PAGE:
This being the age of social media, cricket clubs have the tools like never before to attract membership and keep everyone informed online as to how they’re doing.
But there is a significant problem to this land of opportunity and that is a lack of any-speed, let alone superfast broadband across the UK.
When was the last time you were without internet connection? It was a pain, right?
Well, for many unreliable coverage is the daily reality. We are light years behind other countries for whom a speedy, reliable and inclusive infrastructure has been prioritised and is already firing on all cylinders.
What are cricket clubs doing when it comes to broadband?
The ADSL route means you have a phone line into the clubhouse and can then set up wifi from there but that’s not always practical if you’re out in the middle of nowhere.
There are vast swathes of rural Yorkshire – and plenty of densely populated corridors too – where the signal is intermittent or non-existent.
We now have the golden dawn of 4G technology – which works like a charm in cities like Leeds and Sheffield – but again, it is frustratingly elusive all over Yorkshire.
Why does this matter to amateur cricket?
It’s because there’s a chance to connect with the world at large being missed; because with connectivity comes better chances to raise money, tell stories and make the most of what being online offers.
Whether it’s relaying live scores, asking for help or promoting events, every cricket club in Yorkshire (and in the UK for that matter) should be plugged up to the matrix.
(Almost) everyone is online and it should be a key ambition for the England & Wales Cricket Board (ECB) as governing body to offer help to all clubs, regardless of size or location.
In Sky Sports, they have a commercial partner with the resources to make better broadband a reality although Sky can’t be blamed for the blackouts through a current lack of infrastructure in rural clubs in particular.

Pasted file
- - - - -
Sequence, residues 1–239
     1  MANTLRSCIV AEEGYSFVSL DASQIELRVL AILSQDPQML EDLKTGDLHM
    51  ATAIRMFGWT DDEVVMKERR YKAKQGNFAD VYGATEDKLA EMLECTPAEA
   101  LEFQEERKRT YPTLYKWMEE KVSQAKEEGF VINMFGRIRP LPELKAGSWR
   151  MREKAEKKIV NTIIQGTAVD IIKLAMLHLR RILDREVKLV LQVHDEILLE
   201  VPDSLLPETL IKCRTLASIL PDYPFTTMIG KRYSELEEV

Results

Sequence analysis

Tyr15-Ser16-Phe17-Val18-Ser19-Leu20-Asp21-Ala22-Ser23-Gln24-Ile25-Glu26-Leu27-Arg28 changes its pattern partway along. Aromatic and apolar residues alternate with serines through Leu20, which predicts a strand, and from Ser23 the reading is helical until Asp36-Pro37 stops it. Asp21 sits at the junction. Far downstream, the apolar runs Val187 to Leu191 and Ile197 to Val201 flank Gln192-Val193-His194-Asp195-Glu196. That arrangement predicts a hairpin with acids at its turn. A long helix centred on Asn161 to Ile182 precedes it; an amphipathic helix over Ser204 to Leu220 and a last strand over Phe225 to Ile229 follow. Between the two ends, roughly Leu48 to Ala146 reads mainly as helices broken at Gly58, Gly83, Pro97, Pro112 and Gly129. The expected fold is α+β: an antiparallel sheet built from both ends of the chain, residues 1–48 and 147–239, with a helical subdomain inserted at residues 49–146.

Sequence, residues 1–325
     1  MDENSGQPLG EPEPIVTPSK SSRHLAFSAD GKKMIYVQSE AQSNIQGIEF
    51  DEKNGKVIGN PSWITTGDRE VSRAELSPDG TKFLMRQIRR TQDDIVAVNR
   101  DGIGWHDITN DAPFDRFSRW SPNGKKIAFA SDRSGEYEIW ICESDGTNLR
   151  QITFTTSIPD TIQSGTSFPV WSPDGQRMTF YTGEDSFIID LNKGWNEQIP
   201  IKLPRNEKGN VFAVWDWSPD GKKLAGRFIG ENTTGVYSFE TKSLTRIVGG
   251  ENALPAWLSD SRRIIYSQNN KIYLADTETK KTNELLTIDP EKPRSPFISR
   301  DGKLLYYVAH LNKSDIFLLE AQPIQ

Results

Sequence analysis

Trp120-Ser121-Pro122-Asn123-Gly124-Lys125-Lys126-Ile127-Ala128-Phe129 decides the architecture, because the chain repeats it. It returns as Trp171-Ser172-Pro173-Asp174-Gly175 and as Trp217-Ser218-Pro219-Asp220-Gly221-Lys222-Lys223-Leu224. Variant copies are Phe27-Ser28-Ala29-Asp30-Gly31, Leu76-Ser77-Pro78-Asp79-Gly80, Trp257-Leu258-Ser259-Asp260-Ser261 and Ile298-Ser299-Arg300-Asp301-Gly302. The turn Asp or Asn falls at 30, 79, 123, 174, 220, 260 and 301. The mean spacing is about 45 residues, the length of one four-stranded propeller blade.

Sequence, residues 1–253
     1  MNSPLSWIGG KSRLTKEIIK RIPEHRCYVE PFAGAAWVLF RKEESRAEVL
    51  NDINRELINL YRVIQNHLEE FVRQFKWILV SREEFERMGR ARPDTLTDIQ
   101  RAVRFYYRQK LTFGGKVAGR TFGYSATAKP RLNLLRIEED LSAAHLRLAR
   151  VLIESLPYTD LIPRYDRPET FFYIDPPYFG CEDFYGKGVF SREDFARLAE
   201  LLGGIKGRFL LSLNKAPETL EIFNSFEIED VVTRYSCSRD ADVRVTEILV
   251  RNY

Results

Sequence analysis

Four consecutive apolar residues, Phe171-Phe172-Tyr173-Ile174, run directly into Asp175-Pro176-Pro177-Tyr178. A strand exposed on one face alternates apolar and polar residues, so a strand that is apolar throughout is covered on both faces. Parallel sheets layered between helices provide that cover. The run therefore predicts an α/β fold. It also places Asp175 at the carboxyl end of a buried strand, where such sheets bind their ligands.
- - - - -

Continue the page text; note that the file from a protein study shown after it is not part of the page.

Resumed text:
Take the Yorkshire Dales, you only have to venture as far as its gateway at Skipton, you get the dreaded wheel of doom on mobile signal.
Likewise, zipping around the region by train to visit cricket clubs, you build up a picture of how sporadic our broadband coverage is.
It wouldn’t hurt for the Westminster lot (to get vaguely political for a second) to emerge like newborn chicks from their safe nest and see what the rest of the country is like.
Apparently London is unhappy at the speed of its broadband to which the obvious answer is WHAT?!! At least you get broadband…
Mobile broadband is an alluring alternative to a fixed phone line into a clubhouse with a club secretary or social media guru tweeting merrily or posting Facebook updates from their phone on the boundary edge.
For phones with 3G or 4G capability, that allows a swift bungee jump into the information superhighway (assuming wifi is not available) but again, you can often find signal is completely knackered.
It’s not all doom and gloom obviously and those progressive leagues have pushed for clubs to take advantage of wifi, wherever available, to enable live scoring through the likes of Total Cricket Scorer and CricHQ.
In the interests of objective journalism, it ought to be pointed out that there is no surveys, or at least any to hand, around which Yorkshire cricket clubs have broadband, which struggle to get signal or don’t have G’s of any number to benefit from.
No data about having no data, you might say.
Many cricket clubs who can get phone and broadband signal use being online to their advantage but given most leagues need results in fairly promptly, what happens?
In areas of poor reception, presumably cricketers fan roaring fires after games to send smoke signals over the hills to awaiting league secretaries…
Interconnectivity will depend on the twin components of geography and infrastructure (putting aside a club’s financial ability to put in a costly network as a strong mobile signal is all you really need).
However, cricket clubs are embracing the internet more than ever through website platforms and social media outreach – or at least want to…
There remains a gulf between what is and what should be available in this country regarding connectivity and this is turn affects everyone – including amateur cricket clubs – looking to make the most of cyberspace.
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